Millennium Post

Budget 2015 proves a dampener for climate action

The budget presented by Finance Minister Arun Jaitley on Saturday is a disappointing one if one considers investments required for climate adaptation and mitigation. Civil society organisations and think tanks had hoped the budget would address some concerns that had been raised in relation to climate change in the past year, such as equal emphasis on adaptation and mitigation, adequate insurance cover for crop damage and better disaster preparedness to cope with extreme weather events, to name a few. But the finance minister’s speech did not mention climate change even once.

Addressing the Lok Sabha, Jaitley spoke of the government’s commitment to farmers. Referring to the Soil Health Card Scheme, which was unveiled by Prime Minister Narendra Modi on February 19, he said, “I propose to support the Agriculture Ministry’s organic farming scheme, Paramparagat Krishi Vikas Yojana. The Pradhan Mantri Gram Sinchai Yojana is aimed at irrigating the field of every farmer and improving water use efficiency to provide ‘Per Drop More Crop’”. The Finance Ministry has allocated Rs 5,300 crore to support micro-irrigation, watershed development and the Pradhan Mantri Krishi Sinchai Yojana.

The emphasis was primarily on increasing the irrigated area, improving the efficiency of existing irrigation systems, promoting agro-based industry for value addition and increasing farm incomes, and reasonable prices for farm produce. This is a positive sign in terms of adaptation measures to fight climate change. Irrigation and watershed management will make space for drought-proofing; however, this will address just one aspect of the problem. Flooding and water logging are faced by a large number of people in the Indo-Gangetic belt and the coastal region of the country. How they can mitigate these merits discussion. 

No crop insurance
Focusing on insurance through the lens of Jan Suraksha (people’s security), Jaitley raised a concern, saying that “large proportion of India’s population is without insurance of any kind—health, accidental or life”. At first glance, it seems like a proactive step on the part of the government for people’s welfare, though questions emerge about insurance in the event of a catastrophic event. Insurance of crop and livestock is a crucial component of financial adaptation measure, but it found no mention in the Union budget.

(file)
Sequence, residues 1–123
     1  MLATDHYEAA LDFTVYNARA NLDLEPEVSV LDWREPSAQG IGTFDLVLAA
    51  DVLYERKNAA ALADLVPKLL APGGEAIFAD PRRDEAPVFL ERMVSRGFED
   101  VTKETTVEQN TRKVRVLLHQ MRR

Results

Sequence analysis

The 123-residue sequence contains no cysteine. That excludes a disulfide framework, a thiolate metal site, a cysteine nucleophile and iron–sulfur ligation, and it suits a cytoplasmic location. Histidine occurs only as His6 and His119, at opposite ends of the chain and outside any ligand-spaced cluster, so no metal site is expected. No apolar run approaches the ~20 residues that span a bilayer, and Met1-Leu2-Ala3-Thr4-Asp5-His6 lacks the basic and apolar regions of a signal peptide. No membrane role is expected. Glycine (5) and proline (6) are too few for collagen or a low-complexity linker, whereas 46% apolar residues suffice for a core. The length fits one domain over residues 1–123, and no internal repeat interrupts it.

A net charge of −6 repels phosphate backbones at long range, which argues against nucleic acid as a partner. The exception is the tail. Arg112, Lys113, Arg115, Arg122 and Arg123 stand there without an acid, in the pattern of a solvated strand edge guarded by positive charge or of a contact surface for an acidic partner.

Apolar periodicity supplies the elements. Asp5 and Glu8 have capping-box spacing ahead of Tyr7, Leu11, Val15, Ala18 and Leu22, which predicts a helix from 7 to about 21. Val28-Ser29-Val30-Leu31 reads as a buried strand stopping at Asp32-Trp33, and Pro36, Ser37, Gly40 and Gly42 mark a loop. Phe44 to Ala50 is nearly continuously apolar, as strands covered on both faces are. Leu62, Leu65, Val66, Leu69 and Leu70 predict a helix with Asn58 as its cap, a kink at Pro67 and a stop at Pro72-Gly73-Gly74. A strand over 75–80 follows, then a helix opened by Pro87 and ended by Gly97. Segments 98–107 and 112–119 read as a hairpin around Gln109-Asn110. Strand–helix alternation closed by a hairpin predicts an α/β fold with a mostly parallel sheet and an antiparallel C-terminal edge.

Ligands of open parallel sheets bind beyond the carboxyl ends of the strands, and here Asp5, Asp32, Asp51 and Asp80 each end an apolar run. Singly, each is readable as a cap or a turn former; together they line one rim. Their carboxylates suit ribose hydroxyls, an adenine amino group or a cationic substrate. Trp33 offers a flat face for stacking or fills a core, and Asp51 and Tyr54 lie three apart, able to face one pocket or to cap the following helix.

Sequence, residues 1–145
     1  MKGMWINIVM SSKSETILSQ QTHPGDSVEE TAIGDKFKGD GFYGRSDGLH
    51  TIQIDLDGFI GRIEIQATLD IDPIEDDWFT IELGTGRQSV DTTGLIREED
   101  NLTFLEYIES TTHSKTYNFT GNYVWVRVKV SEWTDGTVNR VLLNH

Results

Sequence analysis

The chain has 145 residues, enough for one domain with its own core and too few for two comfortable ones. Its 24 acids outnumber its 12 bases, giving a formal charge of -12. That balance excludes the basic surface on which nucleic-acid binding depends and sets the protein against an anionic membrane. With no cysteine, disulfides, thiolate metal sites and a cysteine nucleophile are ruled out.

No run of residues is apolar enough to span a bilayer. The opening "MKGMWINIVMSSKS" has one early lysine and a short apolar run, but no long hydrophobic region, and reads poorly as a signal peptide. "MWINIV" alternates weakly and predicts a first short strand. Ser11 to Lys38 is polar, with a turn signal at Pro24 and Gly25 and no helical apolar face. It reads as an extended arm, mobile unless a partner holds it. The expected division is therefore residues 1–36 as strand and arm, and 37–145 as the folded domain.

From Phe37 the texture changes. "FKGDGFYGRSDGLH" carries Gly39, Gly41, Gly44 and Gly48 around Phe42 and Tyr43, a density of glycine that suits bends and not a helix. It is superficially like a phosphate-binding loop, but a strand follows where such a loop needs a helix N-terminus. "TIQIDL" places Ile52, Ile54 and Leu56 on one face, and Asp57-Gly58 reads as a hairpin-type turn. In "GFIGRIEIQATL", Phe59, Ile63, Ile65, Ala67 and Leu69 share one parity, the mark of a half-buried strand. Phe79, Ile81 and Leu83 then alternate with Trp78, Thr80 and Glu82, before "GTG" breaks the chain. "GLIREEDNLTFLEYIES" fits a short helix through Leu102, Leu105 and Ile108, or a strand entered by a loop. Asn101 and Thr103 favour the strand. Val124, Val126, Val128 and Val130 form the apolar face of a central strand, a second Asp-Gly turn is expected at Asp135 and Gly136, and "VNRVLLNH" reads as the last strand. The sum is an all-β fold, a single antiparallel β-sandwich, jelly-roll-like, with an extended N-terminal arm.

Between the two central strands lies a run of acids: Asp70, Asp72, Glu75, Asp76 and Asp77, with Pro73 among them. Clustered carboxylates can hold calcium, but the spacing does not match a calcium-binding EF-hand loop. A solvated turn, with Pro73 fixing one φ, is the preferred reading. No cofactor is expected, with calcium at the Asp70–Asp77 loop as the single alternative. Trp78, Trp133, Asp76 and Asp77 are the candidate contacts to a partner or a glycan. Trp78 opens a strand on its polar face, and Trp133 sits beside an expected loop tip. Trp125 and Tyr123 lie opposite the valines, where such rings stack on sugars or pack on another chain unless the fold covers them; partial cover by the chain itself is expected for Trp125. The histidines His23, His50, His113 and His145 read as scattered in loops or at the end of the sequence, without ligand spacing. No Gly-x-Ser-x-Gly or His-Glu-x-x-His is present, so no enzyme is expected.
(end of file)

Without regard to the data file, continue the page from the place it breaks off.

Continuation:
India witnessed quite a few catastrophic weather events in the past year, with Cyclone Hudhud itself causing an estimated loss and damage of about Rs 70,000 crore in Visakhapatnam and Srikakulam districts in Andhra Pradesh. If the government aims to focus on agricultural productivity and looks at agriculture as a priority concern, it has to foresee the losses and damage that an extreme weather event can cause on crop yields. The National Adaptation Fund on Climate Change, which was allocated Rs 100 crore last year, found no mention in Jaitley’s budget speech.

However, the support for Mahatma Gandhi National Rural Employment Guarantee Scheme, through the initial allocation of Rs 34,699 crore for the programme, will hopefully see some channelisation of funds for addressing climate change impacts and adaptation measures at a local level. Also, the finance minister did do much for the National Clean Energy Fund. He announced that clean energy cess would be increased from Rs 100 to Rs 200 per tonne of coal and the amount would be diverted to the Clean Energy Fund. He further mentioned that the Ministry of New and Renewable Energy has “revised its target of renewable energy capacity to 175,000 mega watt (MW) till 2022, comprising 100,000 MW solar, 60,000 MW wind, 10,000 MW biomass and 5,000 MW small hydropower projects”.

Major concerns left out
Since the past year, India has maintained that it has been spending more than 2.6 per cent of its gross domestic product to deal with the challenges of climate change. The specific areas which got more focus, especially with respect to climate change adaptation, were agriculture, water resources, health and sanitation, forest, coastal zone infrastructure and extreme weather events. But other major concerns, echoed in the People’s Budget Initiative report in January this year, were hardly addressed in the budget.

Forgotten promises
On February 24, days before the Union budget, questions on the effects of climate change and measures taken by the government were discussed in the Lok Sabha. Prakash Javedekar, the Union Minster of Environment, Forests and Climate Change, had stated, “(The UPA) government had released National Action Plan on Climate Change on June 30, 2008, that outlines eight missions and other initiatives, including disaster management response to extreme climate events, by enhancing measures for prevention, mitigation and preparedness to respond to the extreme climate events and setting up early warning system.” The eight national missions are at various stages of implementation by the nodal ministries and departments, but progress has been slow. The initial budget allocation for most of the missions was considered to be inadequate when it came to implementation. Earlier, a report was released by the Climate Change Finance Unit, Ministry of Finance, under the United Progressive Alliance government where they had committed to spend “large resources through its planning process on meeting the domestic mitigation goal to reducing the emission intensity of its GDP by 20-25 per cent by 2020 in comparison to 2005 level”. This hardly found mention in Jaitley’s budget speech. 
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